Why how lifetime works has changed?


#1

1.0.0-nightly on 2015/02/06, I see the behavior of lifetime has changed.
Older nightly version (at least ) on 2015/01/24 passes belowing code:

fn main() {
   let mut x = &1;
   let y = 2;
   x = &y;
}

Now, compiler gives error.

main.rs:4:12: 4:13 error: `y` does not live long enough
main.rs:4       x = &y;
                     ^
main.rs:2:21: 5:4 note: reference must be valid for the block suffix following statement 0 at 2:20...
main.rs:2       let mut x = &1;
main.rs:3       let y = 2;
main.rs:4       x = &y;
main.rs:5   }
main.rs:3:16: 5:4 note: ...but borrowed value is only valid for the block suffix following statement 1 at 3:15
main.rs:3       let y = 2;
main.rs:4       x = &y;
main.rs:5   }

If I define x and y simultaneously (or y before x), it works:

fn main() {
  let (mut x, y) = (&1, 2);
  x = &y;
}

I had thought that rust only concerned the end of lifetime and the birth didn’t mattered. However, it seems do now.
I can’t find out any situation where previous behavior of lifetimes makes problem.

It seems very strict for me…


#2

Yes, this changed in PR 21657 — I can only link to it, because I don’t understand it 100% myself. Please see the link for motivation and explanation.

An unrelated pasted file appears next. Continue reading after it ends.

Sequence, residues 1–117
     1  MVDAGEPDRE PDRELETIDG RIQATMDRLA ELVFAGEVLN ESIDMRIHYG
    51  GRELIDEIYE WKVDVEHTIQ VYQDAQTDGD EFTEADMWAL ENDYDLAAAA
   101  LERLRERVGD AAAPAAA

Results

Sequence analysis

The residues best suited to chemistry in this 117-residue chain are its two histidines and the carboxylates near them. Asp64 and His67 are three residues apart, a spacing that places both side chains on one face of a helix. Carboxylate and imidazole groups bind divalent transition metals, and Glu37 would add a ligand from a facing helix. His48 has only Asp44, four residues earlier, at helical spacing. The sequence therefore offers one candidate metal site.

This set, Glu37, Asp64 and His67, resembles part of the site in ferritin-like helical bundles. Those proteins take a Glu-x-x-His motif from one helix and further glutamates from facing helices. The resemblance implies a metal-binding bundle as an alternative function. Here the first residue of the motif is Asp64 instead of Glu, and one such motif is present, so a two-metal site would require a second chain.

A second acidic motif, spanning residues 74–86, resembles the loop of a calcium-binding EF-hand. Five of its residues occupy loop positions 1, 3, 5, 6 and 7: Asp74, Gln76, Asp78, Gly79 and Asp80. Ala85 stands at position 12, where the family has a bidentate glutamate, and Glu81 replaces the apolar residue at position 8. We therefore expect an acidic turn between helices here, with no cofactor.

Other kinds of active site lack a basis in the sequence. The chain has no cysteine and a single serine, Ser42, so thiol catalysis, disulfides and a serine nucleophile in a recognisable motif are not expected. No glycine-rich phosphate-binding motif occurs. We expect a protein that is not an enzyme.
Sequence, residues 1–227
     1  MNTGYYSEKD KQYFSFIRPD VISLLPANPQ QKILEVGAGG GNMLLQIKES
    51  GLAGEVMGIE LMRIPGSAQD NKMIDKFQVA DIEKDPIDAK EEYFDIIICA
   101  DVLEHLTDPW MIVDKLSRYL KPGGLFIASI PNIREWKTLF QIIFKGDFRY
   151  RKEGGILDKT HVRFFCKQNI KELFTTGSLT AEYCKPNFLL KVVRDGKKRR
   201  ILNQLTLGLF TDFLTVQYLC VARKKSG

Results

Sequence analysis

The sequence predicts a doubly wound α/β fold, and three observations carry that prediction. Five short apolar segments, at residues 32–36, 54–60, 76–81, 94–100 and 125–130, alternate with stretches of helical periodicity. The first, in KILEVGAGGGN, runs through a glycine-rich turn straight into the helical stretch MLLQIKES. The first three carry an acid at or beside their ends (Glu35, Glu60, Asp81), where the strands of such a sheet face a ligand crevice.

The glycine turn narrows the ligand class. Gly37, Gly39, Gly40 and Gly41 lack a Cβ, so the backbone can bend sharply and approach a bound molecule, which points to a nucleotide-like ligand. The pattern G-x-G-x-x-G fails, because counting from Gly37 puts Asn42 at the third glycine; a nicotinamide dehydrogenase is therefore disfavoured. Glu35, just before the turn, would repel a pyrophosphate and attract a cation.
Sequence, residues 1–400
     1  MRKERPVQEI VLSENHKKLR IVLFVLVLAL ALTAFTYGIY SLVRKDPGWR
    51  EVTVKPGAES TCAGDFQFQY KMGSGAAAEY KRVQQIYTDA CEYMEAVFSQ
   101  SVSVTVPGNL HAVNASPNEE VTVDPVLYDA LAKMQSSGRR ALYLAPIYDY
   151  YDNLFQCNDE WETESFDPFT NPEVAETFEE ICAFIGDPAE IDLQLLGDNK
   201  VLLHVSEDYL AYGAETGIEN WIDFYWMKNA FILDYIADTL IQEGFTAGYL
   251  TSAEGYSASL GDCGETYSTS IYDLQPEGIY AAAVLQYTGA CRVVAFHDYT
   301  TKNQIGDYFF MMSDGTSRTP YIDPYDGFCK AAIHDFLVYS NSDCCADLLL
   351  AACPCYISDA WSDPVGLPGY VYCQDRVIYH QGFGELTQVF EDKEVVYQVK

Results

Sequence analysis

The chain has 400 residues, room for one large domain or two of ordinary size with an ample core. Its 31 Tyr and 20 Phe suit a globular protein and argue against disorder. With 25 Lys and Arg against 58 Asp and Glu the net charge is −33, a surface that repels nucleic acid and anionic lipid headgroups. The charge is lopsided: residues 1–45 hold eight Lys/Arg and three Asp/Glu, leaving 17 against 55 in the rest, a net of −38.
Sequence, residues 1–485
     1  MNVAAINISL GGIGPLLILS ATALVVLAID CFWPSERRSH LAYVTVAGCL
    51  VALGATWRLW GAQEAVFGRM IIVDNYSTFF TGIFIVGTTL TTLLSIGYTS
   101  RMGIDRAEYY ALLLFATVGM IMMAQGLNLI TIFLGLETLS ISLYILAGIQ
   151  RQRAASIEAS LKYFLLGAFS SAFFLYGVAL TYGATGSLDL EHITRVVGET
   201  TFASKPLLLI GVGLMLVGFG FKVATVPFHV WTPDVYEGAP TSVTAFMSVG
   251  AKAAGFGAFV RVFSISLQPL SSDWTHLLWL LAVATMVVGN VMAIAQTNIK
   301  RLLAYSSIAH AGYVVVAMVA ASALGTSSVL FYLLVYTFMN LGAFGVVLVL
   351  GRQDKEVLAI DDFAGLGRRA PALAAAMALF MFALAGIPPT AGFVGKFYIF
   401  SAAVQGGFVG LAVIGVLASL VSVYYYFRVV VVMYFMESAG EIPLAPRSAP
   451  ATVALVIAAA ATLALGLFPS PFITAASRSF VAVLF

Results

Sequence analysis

#3

Just put the declaration above:

fn main() {
   let y = 2;
   let mut x = &1;
   x = &y;
}

#4

If I’m interpreting the PR correctly, it appears to give individual let bindings their own distinct lifetimes, rather than having adjacent bindings share a lifetime. This makes it easier in the common case to ensure that a struct that implements Drop will only contain references whose lifetime is strictly longer than the struct itself, since any let binding that came before it will now have a longer lifetime. If a Dropable struct can contain data that has the same lifetime as itself, then it’s possible to construct it in a way where the data it references will be released before the struct itself, which could lead to memory corruption or segfaults when the destructor runs. Previously you had to use #[unsafe_destructor] to promise to the compiler that you haven’t created such a situation. but now that is no longer necessary. I’ve now removed all occurrences of #[unsafe_destructor] from my project and it still compiles fine.

In short, it’s a subtle change to solve a subtle problem with destructors.